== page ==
Everyone’s talking about user intent lately, including Avantica. This is the third article in our series on user intent. In the past two articles, we’ve talked about user intent and UX, as well as user intent and content. In this article, we’ll tackle user intent coupled with UX and Content to see the effects on SEO.
User Intent Basics
User intent is the reason behind the search on Google, Bing, or any other search engine. The concept of user intent acknowledges that a search doesn’t begin and end with the words typed into the search bar: there’s an intention that is developed far before the fingers hit the keypad. Behind typing in a phrase to initiate a search lies a desired outcome, a possible solution to a problem.
Why Worry About User Intent?
Understanding user intent makes a company or corporation think like the user or customer. What are they trying to do with this search? How can my business and products help? The first step is to understand why a search is made. The next step is to show the user that your business can solve the problem that precipitated the search. In order to do that, it helps to have an SEO strategy. Search engines have evolved and are now including user intent in how they rank sites and respond to searches. Bottom line: If your business wants to be seen, it must consider user intent.
There’s a good video on youtube where Engineer Paul Haahr discusses how Google ranks sites. We’ll give just a brief overview of a few key points here on how SEO and user intent are working on one of the world’s largest search engines.
Dominant and Common Interpretations
These two interpretations help Google to determine what search results a user will see. Dominant interpretations are what most users mean when they type a query. Common interpretations have multiple possible meanings, such as the word apple meaning electronics or a fruit. In response, Google provides results that cover a variety of possible meanings.
Do/ Know/ Go
Do Know Go is a theory that searches (i.e. user intent) can be divided into one of the aforementioned three categories. Google and other search engines can try to know which type of search a user is doing, and therefore will know what type of results to display to best help the user.
Do queries are transactional. The user is looking to do something, to make a purchase. These are important to e-commerce websites.
A know query is informational. Users are trying to learn something about a product, industry, place, etc. Know queries also encompass micro-moments which is when a user wants to check something for a quick update. An example would be, checking a bank account.
Go queries are location-based. A user is looking for a specific website or place to go. An example would be if a user were to type “Florence, Italy” into a search engine.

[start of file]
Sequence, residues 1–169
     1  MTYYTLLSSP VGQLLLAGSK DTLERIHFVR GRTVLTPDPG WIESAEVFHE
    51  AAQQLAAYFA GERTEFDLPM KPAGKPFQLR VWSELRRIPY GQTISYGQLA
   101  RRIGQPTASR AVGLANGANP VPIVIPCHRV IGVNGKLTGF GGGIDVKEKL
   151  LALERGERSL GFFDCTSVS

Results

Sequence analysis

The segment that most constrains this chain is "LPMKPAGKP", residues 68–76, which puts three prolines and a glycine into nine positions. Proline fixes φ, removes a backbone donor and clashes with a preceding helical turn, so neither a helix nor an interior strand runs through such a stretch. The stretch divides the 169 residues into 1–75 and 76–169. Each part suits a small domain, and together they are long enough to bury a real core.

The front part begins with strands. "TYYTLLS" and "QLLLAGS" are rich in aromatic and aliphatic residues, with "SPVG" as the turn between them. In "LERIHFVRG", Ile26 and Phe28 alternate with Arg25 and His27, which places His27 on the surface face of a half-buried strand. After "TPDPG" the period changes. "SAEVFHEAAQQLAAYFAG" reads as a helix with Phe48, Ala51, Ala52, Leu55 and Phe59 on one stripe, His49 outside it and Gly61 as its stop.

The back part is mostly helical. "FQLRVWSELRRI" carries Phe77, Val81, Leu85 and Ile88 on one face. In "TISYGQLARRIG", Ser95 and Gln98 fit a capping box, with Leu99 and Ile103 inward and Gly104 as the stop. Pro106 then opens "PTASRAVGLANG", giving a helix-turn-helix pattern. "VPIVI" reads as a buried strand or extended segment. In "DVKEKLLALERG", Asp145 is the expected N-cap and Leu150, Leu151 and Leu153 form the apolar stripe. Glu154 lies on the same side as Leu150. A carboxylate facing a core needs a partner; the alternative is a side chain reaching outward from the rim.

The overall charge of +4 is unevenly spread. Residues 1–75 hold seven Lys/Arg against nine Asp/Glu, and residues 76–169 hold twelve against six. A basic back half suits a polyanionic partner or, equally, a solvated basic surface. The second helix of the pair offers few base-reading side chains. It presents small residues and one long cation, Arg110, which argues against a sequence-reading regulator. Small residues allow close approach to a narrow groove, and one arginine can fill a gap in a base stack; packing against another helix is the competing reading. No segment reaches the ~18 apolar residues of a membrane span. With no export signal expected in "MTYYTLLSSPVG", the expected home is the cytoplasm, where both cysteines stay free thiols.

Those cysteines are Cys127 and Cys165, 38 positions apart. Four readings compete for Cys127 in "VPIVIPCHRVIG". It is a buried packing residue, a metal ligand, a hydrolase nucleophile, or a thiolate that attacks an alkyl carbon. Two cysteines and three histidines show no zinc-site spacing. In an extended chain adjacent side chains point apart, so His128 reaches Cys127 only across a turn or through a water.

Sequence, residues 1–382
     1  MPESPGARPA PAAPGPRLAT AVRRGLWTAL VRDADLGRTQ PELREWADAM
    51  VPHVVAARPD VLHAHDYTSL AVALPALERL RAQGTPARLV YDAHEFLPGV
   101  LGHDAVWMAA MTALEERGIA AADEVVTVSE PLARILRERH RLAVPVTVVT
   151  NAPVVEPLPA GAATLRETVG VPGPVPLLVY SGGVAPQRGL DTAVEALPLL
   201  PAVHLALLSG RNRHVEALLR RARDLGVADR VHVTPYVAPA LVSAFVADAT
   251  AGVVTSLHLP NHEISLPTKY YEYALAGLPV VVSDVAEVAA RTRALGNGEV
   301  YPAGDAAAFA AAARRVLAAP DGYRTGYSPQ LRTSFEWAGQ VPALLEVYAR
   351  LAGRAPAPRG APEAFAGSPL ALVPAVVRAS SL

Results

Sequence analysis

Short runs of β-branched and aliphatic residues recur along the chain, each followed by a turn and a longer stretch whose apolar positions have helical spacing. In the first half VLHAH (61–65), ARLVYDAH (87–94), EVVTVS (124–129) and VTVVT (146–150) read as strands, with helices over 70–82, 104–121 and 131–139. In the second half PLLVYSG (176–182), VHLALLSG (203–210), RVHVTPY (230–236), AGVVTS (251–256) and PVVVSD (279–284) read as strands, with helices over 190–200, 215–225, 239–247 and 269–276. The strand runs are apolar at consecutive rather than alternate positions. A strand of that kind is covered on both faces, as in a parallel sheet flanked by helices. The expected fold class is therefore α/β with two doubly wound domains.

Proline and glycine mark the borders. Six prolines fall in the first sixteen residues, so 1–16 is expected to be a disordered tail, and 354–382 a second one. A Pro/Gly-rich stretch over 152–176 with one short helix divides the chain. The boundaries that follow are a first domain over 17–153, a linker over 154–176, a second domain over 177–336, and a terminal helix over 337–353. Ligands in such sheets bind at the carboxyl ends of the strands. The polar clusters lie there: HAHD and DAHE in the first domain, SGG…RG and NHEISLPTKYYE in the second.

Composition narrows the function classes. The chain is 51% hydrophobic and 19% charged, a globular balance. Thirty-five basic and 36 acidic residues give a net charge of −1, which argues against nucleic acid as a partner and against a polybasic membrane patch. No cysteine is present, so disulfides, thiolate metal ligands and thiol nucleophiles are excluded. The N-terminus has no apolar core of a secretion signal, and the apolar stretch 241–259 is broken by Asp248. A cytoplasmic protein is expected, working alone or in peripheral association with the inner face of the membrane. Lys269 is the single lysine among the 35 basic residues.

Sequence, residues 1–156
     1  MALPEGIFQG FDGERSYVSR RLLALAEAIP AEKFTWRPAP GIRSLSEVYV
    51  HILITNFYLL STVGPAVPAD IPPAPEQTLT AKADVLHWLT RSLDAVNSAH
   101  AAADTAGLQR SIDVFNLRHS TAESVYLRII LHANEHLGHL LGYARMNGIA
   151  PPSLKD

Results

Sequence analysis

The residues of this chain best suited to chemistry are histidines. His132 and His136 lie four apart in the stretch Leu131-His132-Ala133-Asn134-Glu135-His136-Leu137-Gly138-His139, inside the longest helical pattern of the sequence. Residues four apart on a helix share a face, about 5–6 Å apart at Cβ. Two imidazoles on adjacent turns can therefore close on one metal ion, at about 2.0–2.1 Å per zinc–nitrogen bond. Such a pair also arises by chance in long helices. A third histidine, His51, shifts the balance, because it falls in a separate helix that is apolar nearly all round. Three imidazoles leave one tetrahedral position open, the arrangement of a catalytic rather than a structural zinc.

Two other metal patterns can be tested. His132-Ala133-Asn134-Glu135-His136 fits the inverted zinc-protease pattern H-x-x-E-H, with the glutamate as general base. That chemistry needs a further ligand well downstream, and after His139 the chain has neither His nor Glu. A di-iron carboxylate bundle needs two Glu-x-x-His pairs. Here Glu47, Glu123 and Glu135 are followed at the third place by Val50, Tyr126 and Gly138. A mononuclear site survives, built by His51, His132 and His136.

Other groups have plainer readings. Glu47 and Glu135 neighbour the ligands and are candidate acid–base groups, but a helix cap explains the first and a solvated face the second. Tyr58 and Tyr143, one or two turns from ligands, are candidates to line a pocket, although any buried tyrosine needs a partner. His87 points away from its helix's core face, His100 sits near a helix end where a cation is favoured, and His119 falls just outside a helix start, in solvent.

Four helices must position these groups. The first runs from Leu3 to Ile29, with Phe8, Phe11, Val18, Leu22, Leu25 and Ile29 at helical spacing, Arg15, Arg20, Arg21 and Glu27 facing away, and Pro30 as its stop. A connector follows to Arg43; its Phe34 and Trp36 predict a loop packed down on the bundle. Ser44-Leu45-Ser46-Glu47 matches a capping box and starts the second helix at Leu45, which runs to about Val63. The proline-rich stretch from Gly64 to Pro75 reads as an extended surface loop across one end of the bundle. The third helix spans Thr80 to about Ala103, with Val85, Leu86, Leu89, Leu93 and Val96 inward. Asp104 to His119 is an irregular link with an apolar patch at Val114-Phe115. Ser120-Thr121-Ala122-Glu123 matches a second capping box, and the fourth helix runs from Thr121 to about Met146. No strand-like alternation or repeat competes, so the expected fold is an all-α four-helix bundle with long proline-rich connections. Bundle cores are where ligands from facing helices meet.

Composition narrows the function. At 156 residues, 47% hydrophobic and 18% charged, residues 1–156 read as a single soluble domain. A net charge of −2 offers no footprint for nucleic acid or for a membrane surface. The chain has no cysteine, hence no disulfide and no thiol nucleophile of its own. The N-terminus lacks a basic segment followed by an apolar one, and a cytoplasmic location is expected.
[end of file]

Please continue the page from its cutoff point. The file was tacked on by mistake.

User Intent, SEO, and UX
How do user intent, SEO and UX work together? In essence, both the user intent and the user experience design are working toward the same end goal: Solving the user’s problem or to put it another way, fulfilling his/her intention. But they have to make sure that they catch the attention of SEO crawlers. By detailing their UX to include a clear user journey path that considers a users intent, businesses make it easier to be discoverable by SEO, as well as to reach their clients and enable them to use their products.
Good UX should have an easy-to-follow customer journey map, an intuitive layout, color palette, font, photos and payment system, which all align to help users fulfill their intentions easily and pleasurably. It’s a matter of knowing what a user is seeking when he or she types a phrase into a search engine.
User Intent, SEO, and Content
How do user intent, SEO and content marketing work together? Both the SEO and the content marketing are working to connect a user with a brand that can help them solve their problems or fulfill their search intentions. But it’s important for the content marketer or copywriter to understand how SEO works and consider users’ intentions for a brand to be discoverable by search. Both SEO and Content Marketers are considering what the user is looking for in his or her searches and can function like a team to help connect users with the right businesses and products.
UX + Content + SEO = Powerful Problem Solving
Like a big puzzle, once all the pieces come together they form a powerful alliance to help connect brands and products to consumers with the aim of fulfilling their intentions. To break it down more simply:
- SEO- its goal is to help connect users with the right sites that fulfill his/her intent
- UX- its goal is to provide users with seamless experiences that enable them to fulfill their intentions
- Content- the job of content is to help users understand how a product or service can fulfill their intentions, and to help SEO crawlers find them so that they can alert users of the brands’ presence and intention fulfilling abilities.
The group of individual concepts is working toward solving a user's problems and fulfilling his/her intent as easily and efficiently as possible.
SEO is an ever-changing field that seeks to provide results that align with users’ intentions behind their searches. It’s vital for businesses to know how search engines provide results to users in order to be discoverable. Part of this process is providing websites and products that deliver excellent user experiences as well as adept content marketing that can assist SEO crawlers’ efforts. At the end of the day, the efforts of SEO, UX, and content marketing aim to assist with the connection of users to the right and products and services that meet their needs.